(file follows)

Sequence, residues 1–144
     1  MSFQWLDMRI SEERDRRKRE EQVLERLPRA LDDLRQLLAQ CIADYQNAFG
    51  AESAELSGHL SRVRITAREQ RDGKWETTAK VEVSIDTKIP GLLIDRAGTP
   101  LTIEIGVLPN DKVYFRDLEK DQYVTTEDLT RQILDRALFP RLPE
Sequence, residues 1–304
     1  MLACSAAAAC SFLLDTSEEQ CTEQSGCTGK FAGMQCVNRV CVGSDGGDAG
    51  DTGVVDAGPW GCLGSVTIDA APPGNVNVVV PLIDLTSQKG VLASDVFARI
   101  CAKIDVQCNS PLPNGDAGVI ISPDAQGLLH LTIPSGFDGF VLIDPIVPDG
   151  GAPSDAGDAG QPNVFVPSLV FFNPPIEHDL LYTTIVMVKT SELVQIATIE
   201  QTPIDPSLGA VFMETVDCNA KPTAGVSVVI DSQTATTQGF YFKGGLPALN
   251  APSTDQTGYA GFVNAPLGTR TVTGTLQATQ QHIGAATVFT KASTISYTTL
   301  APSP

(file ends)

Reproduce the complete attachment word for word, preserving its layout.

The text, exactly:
Sequence, residues 1–144
     1  MSFQWLDMRI SEERDRRKRE EQVLERLPRA LDDLRQLLAQ CIADYQNAFG
    51  AESAELSGHL SRVRITAREQ RDGKWETTAK VEVSIDTKIP GLLIDRAGTP
   101  LTIEIGVLPN DKVYFRDLEK DQYVTTEDLT RQILDRALFP RLPE
Sequence, residues 1–304
     1  MLACSAAAAC SFLLDTSEEQ CTEQSGCTGK FAGMQCVNRV CVGSDGGDAG
    51  DTGVVDAGPW GCLGSVTIDA APPGNVNVVV PLIDLTSQKG VLASDVFARI
   101  CAKIDVQCNS PLPNGDAGVI ISPDAQGLLH LTIPSGFDGF VLIDPIVPDG
   151  GAPSDAGDAG QPNVFVPSLV FFNPPIEHDL LYTTIVMVKT SELVQIATIE
   201  QTPIDPSLGA VFMETVDCNA KPTAGVSVVI DSQTATTQGF YFKGGLPALN
   251  APSTDQTGYA GFVNAPLGTR TVTGTLQATQ QHIGAATVFT KASTISYTTL
   301  APSP